Do you ever feel that God has hidden His face from you?
Probably not. I don’t either, of course. (I don’t think respectable Christians feel that way.)
But sometimes the psalmists felt it. Their words describe it as an experience with a pain scale ranging from desperate to terrifying:
How long wilt thou forget me, O Lord? for ever? how long wilt thou hide thy face from me?—Psalm 13:1
Hide not thy face far from me; put not thy servant away in anger: thou hast been my help; leave me not, neither forsake me, O God of my salvation.—Psalm 27:9
Lord, by thy favour thou hast made my mountain to stand strong: thou didst hide thy face, and I was troubled.—Psalm 30:7
Wherefore hidest thou thy face, and forgettest our affliction and our oppression?—Psalm 44:24
And hide not thy face from thy servant; for I am in trouble: hear me speedily.—Psalm 69:17
Lord, why castest thou off my soul? why hidest thou thy face from me?—Psalm 88:14
Hide not thy face from me in the day when I am in trouble; incline thine ear unto me: in the day when I call answer me speedily.—Psalm 102:2
Thou hidest thy face, they are troubled: thou takest away their breath, they die, and return to their dust.—Psalm 104:29
Hear me speedily, O Lord: my spirit faileth: hide not thy face from me, lest I be like unto them that go down into the pit.—Psalm 143:7
So, even though respectable Christians (except for some of the penmen of Scripture) don’t feel this, if you ever did, what can you do?
What do you do when your mind goes foggy and your thinking becomes muddled? When you know God is there, but you can’t sense His presence or find His “face”? When your heart cries out, “Thy face, LORD, will I seek” but in the same breath you plead, “And hide not Thy face” because it really seems that He has?
Where do you find God when you are seeking His face, but it seems to be hidden?
In truth, there are many answers to that question from God’s Word (and, in full disclosure, recorded throughout the pages of my own journal). But I think the first is to recognize that your experience is not unique. It is shared by even the psalmists of Scripture, as well as by dedicated servants of the Lord through the ages.
Hudson Taylor, Charles Spurgeon, and David Brainerd all suffered from these seasons—not to mention Job, Moses, and Jeremiah.
You can tell yourself “respectable Christians don’t feel this way,” or you can believe history and recognize that they do.
But that’s not finding God—it’s just recognizing that the sense He has hidden His face is a legitimate feeling. So where do you find Him?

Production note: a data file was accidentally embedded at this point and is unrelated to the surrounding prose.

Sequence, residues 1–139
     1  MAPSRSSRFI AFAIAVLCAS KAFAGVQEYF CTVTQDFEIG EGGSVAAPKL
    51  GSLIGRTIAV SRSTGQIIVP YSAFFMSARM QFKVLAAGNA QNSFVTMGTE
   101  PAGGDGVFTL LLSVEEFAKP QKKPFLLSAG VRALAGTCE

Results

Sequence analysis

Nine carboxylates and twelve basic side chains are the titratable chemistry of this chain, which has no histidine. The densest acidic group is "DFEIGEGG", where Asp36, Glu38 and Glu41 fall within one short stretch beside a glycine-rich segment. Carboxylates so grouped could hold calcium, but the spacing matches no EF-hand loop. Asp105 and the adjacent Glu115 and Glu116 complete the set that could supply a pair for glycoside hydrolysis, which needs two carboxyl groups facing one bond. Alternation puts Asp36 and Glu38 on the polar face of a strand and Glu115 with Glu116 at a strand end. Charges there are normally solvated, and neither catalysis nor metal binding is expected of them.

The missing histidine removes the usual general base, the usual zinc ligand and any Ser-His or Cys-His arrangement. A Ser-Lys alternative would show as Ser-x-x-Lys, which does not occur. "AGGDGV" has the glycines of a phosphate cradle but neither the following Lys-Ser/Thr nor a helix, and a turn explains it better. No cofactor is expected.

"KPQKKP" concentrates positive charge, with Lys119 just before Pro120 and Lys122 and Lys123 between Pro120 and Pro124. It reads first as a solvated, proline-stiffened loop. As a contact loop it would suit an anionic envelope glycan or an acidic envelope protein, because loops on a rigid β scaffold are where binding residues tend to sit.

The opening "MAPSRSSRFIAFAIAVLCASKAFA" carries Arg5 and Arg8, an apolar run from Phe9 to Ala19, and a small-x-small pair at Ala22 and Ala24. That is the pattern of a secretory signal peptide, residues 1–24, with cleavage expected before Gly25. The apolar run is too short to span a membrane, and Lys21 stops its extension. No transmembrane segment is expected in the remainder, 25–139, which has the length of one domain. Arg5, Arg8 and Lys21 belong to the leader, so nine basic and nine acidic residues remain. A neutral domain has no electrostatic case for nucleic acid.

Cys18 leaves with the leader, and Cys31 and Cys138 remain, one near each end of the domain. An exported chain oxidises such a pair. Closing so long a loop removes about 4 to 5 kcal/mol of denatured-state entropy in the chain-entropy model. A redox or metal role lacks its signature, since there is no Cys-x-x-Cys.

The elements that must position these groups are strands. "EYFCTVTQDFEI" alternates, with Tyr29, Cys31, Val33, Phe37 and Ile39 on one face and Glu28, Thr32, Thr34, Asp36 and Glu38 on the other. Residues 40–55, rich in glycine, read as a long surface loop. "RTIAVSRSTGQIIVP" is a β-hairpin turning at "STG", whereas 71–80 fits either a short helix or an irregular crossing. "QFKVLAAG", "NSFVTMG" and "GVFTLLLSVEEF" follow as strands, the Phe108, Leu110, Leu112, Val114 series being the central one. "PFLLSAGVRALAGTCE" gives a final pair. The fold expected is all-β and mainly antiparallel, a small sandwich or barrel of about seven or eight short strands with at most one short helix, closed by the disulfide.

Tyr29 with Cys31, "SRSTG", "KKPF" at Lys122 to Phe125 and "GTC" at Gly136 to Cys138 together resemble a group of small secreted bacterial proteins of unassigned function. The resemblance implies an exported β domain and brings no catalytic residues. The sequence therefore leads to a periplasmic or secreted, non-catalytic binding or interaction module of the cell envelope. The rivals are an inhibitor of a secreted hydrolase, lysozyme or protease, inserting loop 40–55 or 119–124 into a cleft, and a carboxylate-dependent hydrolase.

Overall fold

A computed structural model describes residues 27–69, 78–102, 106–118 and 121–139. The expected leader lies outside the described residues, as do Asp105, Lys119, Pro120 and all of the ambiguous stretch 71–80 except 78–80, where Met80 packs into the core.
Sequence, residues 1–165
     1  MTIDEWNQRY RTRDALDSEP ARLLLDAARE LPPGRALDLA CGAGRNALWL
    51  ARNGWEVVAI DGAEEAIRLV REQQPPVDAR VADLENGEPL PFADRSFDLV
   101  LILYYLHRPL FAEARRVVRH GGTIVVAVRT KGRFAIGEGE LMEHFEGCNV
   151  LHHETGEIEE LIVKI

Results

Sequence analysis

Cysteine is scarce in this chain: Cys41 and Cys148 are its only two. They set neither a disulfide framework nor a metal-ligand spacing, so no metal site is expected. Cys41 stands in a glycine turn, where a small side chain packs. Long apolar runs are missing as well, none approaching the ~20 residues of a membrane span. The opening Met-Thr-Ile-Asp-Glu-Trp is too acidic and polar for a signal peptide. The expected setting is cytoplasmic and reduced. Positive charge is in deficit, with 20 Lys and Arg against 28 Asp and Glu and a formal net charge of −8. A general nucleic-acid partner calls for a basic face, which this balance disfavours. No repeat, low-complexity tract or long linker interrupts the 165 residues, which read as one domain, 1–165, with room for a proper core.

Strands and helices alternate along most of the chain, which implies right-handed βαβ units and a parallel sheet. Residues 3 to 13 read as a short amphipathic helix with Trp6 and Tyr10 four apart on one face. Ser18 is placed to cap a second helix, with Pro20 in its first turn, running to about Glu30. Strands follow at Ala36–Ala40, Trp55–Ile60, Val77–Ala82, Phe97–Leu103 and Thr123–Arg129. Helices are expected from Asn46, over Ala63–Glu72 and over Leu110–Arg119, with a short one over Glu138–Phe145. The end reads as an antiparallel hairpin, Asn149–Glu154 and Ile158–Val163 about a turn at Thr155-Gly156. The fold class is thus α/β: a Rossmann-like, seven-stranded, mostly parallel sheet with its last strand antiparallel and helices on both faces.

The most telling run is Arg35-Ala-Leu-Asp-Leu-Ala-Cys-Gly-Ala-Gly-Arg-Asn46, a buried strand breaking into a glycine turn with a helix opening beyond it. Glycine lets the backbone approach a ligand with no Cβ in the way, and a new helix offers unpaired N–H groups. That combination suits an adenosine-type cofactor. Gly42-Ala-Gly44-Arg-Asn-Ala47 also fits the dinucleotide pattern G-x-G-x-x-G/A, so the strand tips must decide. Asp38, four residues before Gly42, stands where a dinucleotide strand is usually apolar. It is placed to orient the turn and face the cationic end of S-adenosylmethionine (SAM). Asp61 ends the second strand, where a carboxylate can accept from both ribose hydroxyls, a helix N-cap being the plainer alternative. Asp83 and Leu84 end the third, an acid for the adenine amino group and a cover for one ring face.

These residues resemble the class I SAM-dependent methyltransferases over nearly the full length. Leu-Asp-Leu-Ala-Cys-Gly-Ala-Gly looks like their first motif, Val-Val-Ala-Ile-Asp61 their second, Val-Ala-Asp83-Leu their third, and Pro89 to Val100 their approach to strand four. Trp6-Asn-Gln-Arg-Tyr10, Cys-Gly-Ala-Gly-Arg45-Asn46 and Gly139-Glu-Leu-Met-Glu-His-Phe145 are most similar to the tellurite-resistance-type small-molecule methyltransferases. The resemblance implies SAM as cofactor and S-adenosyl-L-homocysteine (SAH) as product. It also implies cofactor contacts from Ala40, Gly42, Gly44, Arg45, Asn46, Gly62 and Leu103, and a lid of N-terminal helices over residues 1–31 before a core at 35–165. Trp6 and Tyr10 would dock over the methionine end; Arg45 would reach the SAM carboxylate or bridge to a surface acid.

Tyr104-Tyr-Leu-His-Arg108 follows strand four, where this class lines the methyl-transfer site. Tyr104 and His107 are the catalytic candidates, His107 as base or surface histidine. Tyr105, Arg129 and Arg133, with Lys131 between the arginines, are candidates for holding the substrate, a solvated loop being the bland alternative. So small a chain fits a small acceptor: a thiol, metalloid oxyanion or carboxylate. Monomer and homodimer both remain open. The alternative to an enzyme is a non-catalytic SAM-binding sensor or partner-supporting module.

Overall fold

Where your eyes meet the eyes of God
This post actually began in my heart after I read this paragraph by Amy Carmichael:
But our Father is never nearer than in a cloudy evening, and we looked at the bow set in the cloud, “And the bow shall be in the cloud: and I will look upon it [Genesis 9:16].” And God looks at the bow, and you look at the bow, and your eyes meet the eyes of God.—Amy Carmichael, Plowed Under, page 109.
The rainbow is God’s sign of promise. It shines through the clouds, assuring us of the promises the grey skies try to obscure. And in this sign of promise—through the promise itself—we find the face of God.
But it’s not just the rainbow.
A written rainbow
You and I have something that the psalmists only had in part—a written revelation of God. And included in this written record are exceeding great and precious promises.
Promises that don’t change because grey clouds fog our minds.
Promises that remain constant though our perception of them falters.
Promises that assure us of God’s presence when our feelings suggest otherwise.
Promises that allow us to meet the eyes of God.
Before the rainbow shines
So yes, God’s servants sometimes feel He has hidden His face.
Yes, it is a desperate feeling.
No, you can’t force God to lift the fog.
But yes, you can open His Word and meet Him whom your soul loves through His promises.
That the trial of your faith, being much more precious than of gold that perisheth, though it be tried with fire, might be found unto praise and honour and glory at the appearing of Jesus Christ: Whom having not seen, ye love; in whom, though now ye see him not, yet believing, ye rejoice with joy unspeakable and full of glory:—1 Peter 1:7–8